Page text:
- Apollo 17 (Spacecraft) (1)
- Clouds (1)
- Dogs (1)
- Earth (Planet) (1)
- English hymns (1)
- Hippies (1)
- Hitchhiking (1)
- Pipe band music (1)
Type of Item
Hitchhiker with His Dog "Tripper" on U.S. 66, where U.S. 66 Crosses the Colorado River at Topock
The U.S. Environmental Protection Agency (EPA) was established in 1970 at a time of rising public concern in the United States about pollution and its effects on human health. In 1972-77 the EPA sponsored the Documerica program to photographically document subjects of environmental concern in America. The images were made by approximately 70 well-known photographers contracted by the EPA for the project. Photographers included Denny Lyon, Gene Daniels, Marc St. Gill, Bill Strode, Charles O'Rear, Jack Corn, Tomas Sennett, Yoichi Okamote, and Ken Hayman. This photograph of a ...
Earth, as Seen by Astronauts Eugene Cernan, Ronald Evans and Harrison Schmidt from Apollo 17
The Apollo 17 mission, which took place December 7-19, 1972, was the last of the missions to the moon carried out in the late 1960s and early 1970s by the U.S. National Aeronautics and Space Administration (NASA). Astronauts Eugene A. Cernan, Ronald B. Evans, and Harrison H. Schmitt undertook the mission, which lasted 12 days, 13 hours, and 52 minutes and included a lunar surface stay of 75 hours. The lunar landing site was the highlands and valley area of Taurus-Littrow (20º 16’ north latitude, 30º 77’ east longitude ...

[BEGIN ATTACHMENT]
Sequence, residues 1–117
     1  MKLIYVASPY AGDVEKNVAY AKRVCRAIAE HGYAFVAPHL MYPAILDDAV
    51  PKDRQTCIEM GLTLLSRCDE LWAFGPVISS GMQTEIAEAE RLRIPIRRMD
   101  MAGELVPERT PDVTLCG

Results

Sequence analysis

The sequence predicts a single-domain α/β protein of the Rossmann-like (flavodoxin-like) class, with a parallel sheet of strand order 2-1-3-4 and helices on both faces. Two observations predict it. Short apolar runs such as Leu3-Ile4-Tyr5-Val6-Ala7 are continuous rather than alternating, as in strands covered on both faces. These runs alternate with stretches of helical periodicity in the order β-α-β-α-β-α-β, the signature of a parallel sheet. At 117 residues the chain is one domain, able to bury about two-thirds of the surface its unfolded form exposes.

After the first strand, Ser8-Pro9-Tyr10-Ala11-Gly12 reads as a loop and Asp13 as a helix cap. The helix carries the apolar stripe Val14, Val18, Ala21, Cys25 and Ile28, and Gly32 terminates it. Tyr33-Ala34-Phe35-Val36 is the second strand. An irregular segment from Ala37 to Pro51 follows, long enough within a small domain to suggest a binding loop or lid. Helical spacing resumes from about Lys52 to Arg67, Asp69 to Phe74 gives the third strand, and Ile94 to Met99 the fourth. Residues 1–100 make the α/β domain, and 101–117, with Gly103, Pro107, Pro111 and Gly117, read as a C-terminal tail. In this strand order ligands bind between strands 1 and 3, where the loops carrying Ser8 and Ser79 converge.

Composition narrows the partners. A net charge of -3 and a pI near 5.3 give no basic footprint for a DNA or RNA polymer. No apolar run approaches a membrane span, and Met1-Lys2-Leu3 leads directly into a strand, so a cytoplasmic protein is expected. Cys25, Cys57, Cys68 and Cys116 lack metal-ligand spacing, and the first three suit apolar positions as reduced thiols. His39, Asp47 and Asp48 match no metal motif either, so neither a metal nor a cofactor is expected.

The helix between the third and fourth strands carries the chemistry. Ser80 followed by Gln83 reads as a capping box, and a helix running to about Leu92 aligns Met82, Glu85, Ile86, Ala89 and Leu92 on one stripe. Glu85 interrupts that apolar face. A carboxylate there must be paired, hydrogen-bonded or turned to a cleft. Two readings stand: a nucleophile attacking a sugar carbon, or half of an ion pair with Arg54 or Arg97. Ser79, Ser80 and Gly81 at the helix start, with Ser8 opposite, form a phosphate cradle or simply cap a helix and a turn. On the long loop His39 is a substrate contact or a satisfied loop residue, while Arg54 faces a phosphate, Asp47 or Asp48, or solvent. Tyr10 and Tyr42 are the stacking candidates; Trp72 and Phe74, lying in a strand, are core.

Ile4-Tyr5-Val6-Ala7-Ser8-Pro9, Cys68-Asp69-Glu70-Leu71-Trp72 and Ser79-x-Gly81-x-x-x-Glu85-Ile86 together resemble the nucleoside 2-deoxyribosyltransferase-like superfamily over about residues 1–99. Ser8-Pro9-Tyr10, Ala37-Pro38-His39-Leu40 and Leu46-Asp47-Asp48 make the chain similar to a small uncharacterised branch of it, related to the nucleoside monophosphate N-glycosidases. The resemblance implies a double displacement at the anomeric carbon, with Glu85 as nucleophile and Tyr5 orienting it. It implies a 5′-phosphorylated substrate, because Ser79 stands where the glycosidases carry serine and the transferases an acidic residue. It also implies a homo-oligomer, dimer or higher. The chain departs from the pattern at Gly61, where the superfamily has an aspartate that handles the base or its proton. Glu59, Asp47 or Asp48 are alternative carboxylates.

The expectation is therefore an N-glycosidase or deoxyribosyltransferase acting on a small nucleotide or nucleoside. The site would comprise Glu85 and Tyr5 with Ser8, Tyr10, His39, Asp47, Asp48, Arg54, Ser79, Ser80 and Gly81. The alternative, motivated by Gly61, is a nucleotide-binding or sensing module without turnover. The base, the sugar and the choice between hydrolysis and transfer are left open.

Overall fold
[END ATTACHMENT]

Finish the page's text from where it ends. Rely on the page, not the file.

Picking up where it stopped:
“Amazing Grace” is arguably the best-known Christian hymn. John Newton (1725-1807), a former British slave trader who became an Anglican clergyman and joined the campaign for abolition of the slave trade, wrote the hymn, most likely around Christmas of 1772. Its words express Newton’s personal journey from despair to peace and joy through the gift of grace. Newton believed that in the course of his life at sea and on the African coast he had been miraculously spared on many occasions from death and spiritual ruin. About 60 years ...